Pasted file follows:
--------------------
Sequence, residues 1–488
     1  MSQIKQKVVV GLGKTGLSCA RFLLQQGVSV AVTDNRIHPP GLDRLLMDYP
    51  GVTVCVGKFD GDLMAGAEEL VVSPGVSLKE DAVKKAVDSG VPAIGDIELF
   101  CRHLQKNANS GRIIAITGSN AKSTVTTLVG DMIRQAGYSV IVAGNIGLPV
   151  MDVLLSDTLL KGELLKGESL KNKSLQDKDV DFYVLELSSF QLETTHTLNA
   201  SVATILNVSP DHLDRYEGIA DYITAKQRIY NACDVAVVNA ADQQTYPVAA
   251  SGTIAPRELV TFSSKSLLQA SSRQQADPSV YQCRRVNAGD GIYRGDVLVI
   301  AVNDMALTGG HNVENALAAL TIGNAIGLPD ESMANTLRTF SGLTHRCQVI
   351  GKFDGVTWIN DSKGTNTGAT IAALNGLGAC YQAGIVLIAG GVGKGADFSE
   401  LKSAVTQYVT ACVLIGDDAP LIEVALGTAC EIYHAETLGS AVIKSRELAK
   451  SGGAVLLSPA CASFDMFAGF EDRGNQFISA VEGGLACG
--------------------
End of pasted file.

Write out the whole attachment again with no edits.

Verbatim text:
Sequence, residues 1–488
     1  MSQIKQKVVV GLGKTGLSCA RFLLQQGVSV AVTDNRIHPP GLDRLLMDYP
    51  GVTVCVGKFD GDLMAGAEEL VVSPGVSLKE DAVKKAVDSG VPAIGDIELF
   101  CRHLQKNANS GRIIAITGSN AKSTVTTLVG DMIRQAGYSV IVAGNIGLPV
   151  MDVLLSDTLL KGELLKGESL KNKSLQDKDV DFYVLELSSF QLETTHTLNA
   201  SVATILNVSP DHLDRYEGIA DYITAKQRIY NACDVAVVNA ADQQTYPVAA
   251  SGTIAPRELV TFSSKSLLQA SSRQQADPSV YQCRRVNAGD GIYRGDVLVI
   301  AVNDMALTGG HNVENALAAL TIGNAIGLPD ESMANTLRTF SGLTHRCQVI
   351  GKFDGVTWIN DSKGTNTGAT IAALNGLGAC YQAGIVLIAG GVGKGADFSE
   401  LKSAVTQYVT ACVLIGDDAP LIEVALGTAC EIYHAETLGS AVIKSRELAK
   451  SGGAVLLSPA CASFDMFAGF EDRGNQFISA VEGGLACG